Roger Greenspun of The New York Times wrote of Presley's performance, "He treats his part rather as a minor embarrassment, and he seems determined not to push himself in a role that could have used a stronger personality to fill the lapses in the story and the wide open spaces in the dialogue."[8] Variety wrote that "Presley strolls through a tedious role that would have driven many another actor up the wall ... Even more at fault than Presley, who has occasionally responded in the past to the demands of a good director, is Charles Marquis Warren, who takes credit (or blame?) for the script, the direction, and even part of the production."[9] Kevin Thomas of the Los Angeles Times wrote that in the film Presley "sings nary a note, which is too bad. A song or two, though arguably inappropriate, would have helped to relieve the tedium of this trite low-budget Western that has quick-sale-to-TV stamped all over it."[10] Gary Arnold of The Washington Post called it "the least kinesthetic Western I've ever seen," which "seems to have conceived for the small screen. A plot that might suffice for 30 minutes of restless entertainment has been stretched to a somnambulent 98 minutes."[11] Allan Eyles of The Monthly Film Bulletin wrote, "Unfortunately, Charro is fatally undermined by the slack staging of its action highlights and by a plot riddled with irrational behaviour and dialogue ... As if to compensate for the film's lack of impact, Hugo Montenegro's lively but over-attentive score does too much underlining of mood and character."[12]


In June 1968, Presley had already completed the sequences and recorded the songs for what would be his comeback television special and its attendant album, Elvis, that put his musical talents back on display after the long slog of the soundtrack years.[13] During the special, Presley erroneously states that he had made twenty nine '"pictures" up to that time. The actual tally was twenty eight at taping. Charro would be the twenty ninth. At the time the special was aired in December, Presley had completed his thirtieth film, The Trouble with Girls (and How to Get into It).

His confidence and enthusiasm restored, Presley turned to his musical obligations for Charro! Appropriately for a Western, the studio hired Hugo Montenegro to produce the film's two songs, the recording session taking place at Samuel Goldwyn Studio in Hollywood, California on October 15, 1968.[14] The title song appeared in the movie during the opening credits, released commercially on February 25, 1969, as the b-side to RCA 47-9731 "Memories," which had also appeared on the TV special and album.[15] A second song recorded for but not used in the film, "Let's Forget About the Stars" appeared on the budget album Let's Be Friends in 1970.[14] This song is erroneously referred to in some sources as an outtake from the soundtrack of the later Presley film Change of Habit.[16]

Home mediaEdit

Charro! was released on Video CD in 1996.[17] Charro! was released to DVD in the summer of 2007.[citation needed] It marked the very first time that an uncut release of the film was presented to the retail market, and in its original wide-screen letterbox format.[citation needed] This DVD version underwent an extensive re-mastering process to restore the original 35mm film-print quality. Previous VHS issues of the film, notably the 1990 Warner Home Video release, were of an inferior standard, mainly due to poor picture quality and minor edits throughout the movie.[citation needed] An oddity concerning Charro! is the film's classification. Despite containing violence and partial nudity (the latter a scene in which Ina Balin's character is shown exiting a bath tub), it was released with an MPAA G rating, even though other Presley films from the 1968-69 period carry PG ratings. These latter releases are somewhat less 'adult' than Charro!.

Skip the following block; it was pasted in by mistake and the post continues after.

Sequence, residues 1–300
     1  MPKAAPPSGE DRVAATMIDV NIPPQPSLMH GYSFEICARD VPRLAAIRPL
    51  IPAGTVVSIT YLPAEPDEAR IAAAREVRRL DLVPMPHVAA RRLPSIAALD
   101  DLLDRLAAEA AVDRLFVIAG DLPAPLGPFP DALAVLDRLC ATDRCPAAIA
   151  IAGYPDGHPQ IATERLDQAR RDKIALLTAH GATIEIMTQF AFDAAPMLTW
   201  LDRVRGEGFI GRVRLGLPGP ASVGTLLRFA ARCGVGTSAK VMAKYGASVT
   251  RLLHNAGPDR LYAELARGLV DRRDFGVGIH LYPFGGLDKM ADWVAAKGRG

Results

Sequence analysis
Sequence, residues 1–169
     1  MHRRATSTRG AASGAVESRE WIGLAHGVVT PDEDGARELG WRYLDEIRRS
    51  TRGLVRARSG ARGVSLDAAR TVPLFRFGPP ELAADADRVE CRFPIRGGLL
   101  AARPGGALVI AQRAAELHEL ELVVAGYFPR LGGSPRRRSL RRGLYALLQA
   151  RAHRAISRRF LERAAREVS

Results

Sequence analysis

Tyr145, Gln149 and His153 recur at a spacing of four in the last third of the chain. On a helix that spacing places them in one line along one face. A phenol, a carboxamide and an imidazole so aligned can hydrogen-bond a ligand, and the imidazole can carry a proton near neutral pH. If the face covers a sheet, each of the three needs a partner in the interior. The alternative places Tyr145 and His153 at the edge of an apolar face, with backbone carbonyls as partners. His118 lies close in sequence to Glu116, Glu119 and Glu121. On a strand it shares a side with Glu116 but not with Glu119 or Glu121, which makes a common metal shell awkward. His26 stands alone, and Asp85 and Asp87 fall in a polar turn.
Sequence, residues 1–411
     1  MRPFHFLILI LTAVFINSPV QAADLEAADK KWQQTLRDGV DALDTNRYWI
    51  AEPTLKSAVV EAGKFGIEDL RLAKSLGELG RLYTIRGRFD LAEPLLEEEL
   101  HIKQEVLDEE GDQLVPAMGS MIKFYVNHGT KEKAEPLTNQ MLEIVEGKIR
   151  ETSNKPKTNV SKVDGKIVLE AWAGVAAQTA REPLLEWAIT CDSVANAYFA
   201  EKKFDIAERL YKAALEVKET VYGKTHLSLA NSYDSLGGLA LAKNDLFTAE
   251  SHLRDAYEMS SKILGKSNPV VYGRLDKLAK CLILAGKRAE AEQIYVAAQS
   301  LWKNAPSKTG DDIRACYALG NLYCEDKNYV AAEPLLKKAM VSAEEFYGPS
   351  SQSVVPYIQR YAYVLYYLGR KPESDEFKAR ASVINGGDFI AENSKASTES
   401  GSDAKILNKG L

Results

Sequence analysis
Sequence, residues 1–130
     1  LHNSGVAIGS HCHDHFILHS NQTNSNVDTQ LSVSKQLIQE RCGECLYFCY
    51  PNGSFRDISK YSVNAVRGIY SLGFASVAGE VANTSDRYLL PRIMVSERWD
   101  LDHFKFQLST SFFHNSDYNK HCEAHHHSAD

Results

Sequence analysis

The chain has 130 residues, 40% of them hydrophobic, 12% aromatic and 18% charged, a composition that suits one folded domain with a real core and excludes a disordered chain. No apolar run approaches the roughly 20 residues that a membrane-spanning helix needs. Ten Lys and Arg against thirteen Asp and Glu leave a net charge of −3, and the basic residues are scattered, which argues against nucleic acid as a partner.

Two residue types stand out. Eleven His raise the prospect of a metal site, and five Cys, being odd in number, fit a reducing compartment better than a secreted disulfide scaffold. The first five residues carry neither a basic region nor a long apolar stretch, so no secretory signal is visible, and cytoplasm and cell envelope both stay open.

See alsoEdit


  1. ^ Charro! - History. AFI Catalog of Feature Films. American Film Institute. Retrieved April 21, 2019.
  2. ^ "Big Rental Films of 1969" in Variety, 7 January 1970 p. 15.
  3. ^ a b c d e f g h i j k Victor, Adam (2008). The Elvis Encyclopedia. Gerald Duckworth & Co Ltd. pp. 75, 76. ISBN 978-0-7156-3816-3.
  4. ^ Bridges, Ben. "Harry Whittington." Retrieved December 9, 2016.
  5. ^ a b De Jong, Gerrit. "Original Books Adapted Into Elvis Presley’s Movies." Retrieved December 9, 2016.
  6. ^ a b Victor, Adam (2008). The Elvis Encyclopedia. Gerald Duckworth & Co Ltd. p. 362. ISBN 978-0-7156-3816-3.
  7. ^ a b c Guralnick, Peter (1999). Careless Love: the Unmaking of Elvis Presley. Little, Brown & Company. p. 319. ISBN 978-0-316-64402-0.
  8. ^ Greenspun, Roger (September 4, 1969). "'A Fine Pair' and 'Charro' on Double Bill in Neighborhoods". The New York Times. 51.
  9. ^ "Film Reviews: Charro". Variety. March 12, 1969. 26.
  10. ^ Thomas, Kevin (March 26, 1969). "'Charro!' Playing a Citywide Engagement". Los Angeles Times Part IV, p. 19.
  11. ^ Arnold, Gary (May 24, 1969). "Elvis Trots Out a Horse Opera". The Washington Post. F7.
  12. ^ "Charro". The Monthly Film Bulletin. 38 (450): 139. July 1971.
  13. ^ Jorgensen, Ernst. Elvis Presley A Life in Music: The Complete Recording Sessions. New York: St. Martin's Press, 1998; pp. 255-259.
  14. ^ a b Jorgensen, op. cit., p. 260.
  15. ^ Jorgensen, op. cit., p. 249.
  16. ^ Roy Carr and Mick Farren, Elvis: The Illustrated Record. New York: Harmony Books, 1982; p. 133.
  17. ^ "CD Films/Music". Sega Saturn Magazine. No. 10. Emap International Limited. August 1996. p. 95.

External linksEdit